How to set default fork for pull requests?

I have a set of documentation for my company’s API, based on the excellent Slate framework from TripIt. Per instructions, I forked their repo and proceeded to customize it. That fork lives here.

The obnoxious thing is that when contributors in my organization do a new pull request, the “base fork” on the Github “Comparing Changes” screen defaults to TripIt’s repository, not my fork. They’ve more than once sent pull requests to the wrong place. Telling people “don’t do that” isn’t a particularly reliable solution. How can I set the default for where PRs are based to my fork?

  • File content in Sublime does not change on Git branch change
  • Phabricator first time 'arc land' fails
  • How do I handle two separate yet very similar code-bases with git /github?
  • Rules when naming Git branches
  • Git push over HTTP not activating remote hooks
  • Search for and view a file deleted from the repo
  • How to delete an ORIG_HEAD branch in git?
  • Creating quick snapshots of a repository (git?)
  • Logout and login as another user git bash
  • How to remove git hooks
  • How can I discard remote changes and mark a file as “resolved”?
  • Error when using install_github: 'exdir' does not exist
  • 2 Solutions collect form web for “How to set default fork for pull requests?”

    GitHub keeps track of forks made through their interface and assumes pull requests will be for that original repository. You need to tell GitHub that your copy is not a fork but rather a regular repository that just happens to have identical history. Sadly, GitHub doesn’t offer a good way to just uncheck the fork link. I typically solve it this way:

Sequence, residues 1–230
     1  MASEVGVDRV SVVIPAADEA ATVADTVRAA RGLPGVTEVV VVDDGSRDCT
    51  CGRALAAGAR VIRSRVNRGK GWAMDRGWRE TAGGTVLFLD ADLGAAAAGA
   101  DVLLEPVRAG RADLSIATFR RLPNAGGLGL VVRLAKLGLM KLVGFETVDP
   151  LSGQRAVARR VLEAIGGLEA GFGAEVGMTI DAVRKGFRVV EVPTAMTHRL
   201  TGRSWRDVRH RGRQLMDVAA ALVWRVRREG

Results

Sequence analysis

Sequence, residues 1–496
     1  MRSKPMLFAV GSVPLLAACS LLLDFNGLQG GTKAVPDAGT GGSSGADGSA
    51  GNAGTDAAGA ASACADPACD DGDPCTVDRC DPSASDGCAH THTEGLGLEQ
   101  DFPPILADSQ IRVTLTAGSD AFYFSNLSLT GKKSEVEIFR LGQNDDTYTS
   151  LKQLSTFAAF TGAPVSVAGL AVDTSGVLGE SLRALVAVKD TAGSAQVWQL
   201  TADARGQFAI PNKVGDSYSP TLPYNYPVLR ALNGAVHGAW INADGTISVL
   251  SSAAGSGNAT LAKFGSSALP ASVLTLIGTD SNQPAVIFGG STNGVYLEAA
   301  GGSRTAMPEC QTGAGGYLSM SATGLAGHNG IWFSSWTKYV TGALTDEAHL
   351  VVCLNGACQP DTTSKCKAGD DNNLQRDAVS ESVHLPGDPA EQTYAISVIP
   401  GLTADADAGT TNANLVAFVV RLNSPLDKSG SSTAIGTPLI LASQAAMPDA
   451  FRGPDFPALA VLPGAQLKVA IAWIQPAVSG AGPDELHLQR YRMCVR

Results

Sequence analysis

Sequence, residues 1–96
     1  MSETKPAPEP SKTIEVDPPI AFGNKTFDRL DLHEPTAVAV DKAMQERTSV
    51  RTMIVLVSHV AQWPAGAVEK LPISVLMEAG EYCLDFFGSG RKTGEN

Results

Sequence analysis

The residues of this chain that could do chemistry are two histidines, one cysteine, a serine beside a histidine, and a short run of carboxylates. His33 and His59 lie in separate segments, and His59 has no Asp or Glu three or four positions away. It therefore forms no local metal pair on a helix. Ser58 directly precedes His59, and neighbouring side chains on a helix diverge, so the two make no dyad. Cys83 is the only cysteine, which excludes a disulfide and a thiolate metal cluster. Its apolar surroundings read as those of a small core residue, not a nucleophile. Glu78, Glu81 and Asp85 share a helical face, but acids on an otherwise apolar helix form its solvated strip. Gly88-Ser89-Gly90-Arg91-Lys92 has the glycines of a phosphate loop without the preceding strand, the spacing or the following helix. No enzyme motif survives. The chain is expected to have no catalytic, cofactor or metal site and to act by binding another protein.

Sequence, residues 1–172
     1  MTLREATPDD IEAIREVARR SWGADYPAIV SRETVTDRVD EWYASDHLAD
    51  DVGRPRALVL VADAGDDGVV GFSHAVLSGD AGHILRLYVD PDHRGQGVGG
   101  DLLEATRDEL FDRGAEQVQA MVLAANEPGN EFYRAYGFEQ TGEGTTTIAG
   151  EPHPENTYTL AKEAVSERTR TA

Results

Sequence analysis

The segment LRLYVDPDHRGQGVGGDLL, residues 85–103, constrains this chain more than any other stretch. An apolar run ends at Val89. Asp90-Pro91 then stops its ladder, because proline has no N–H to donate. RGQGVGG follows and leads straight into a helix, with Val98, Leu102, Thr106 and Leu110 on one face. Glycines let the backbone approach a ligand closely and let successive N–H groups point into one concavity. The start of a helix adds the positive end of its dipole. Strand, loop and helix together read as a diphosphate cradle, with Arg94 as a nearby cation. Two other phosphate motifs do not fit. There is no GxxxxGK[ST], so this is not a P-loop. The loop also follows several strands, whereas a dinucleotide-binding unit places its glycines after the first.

1. Clone the repository, git pull, and ensure your local copy is completely up to date.

    2. Delete the repository on GitHub.

    3. Create the repository on GitHub using the exact same name. Ensure it’s an empty repository (don’t create a README or LICENSE file.)

    4. git push all the content back into the repository. (You may need to switch to each branch and push it, and you also may need to git push --tags.)

    FRAGILE: This approach will lose existing GitHub issues and pull request comments. If you’re using these heavily, this approach is probably a bad idea, and you should contact GitHub customer support to help you instead.

    Your other developers seem to have forked TripIt‘s repository, so that is the source/parent of their work.
    In fact, if you open your own repository, you will see it hasn’t been forked at all (the fork count is 0).

    When they issue a merge request, by default github shows that repository as source, and so the pull request isn’t sent to you.

    The simplest workaround in this case is to ask your dev’s to fork your repository, and work on it.

    Git Baby is a git and github fan, let's start git clone.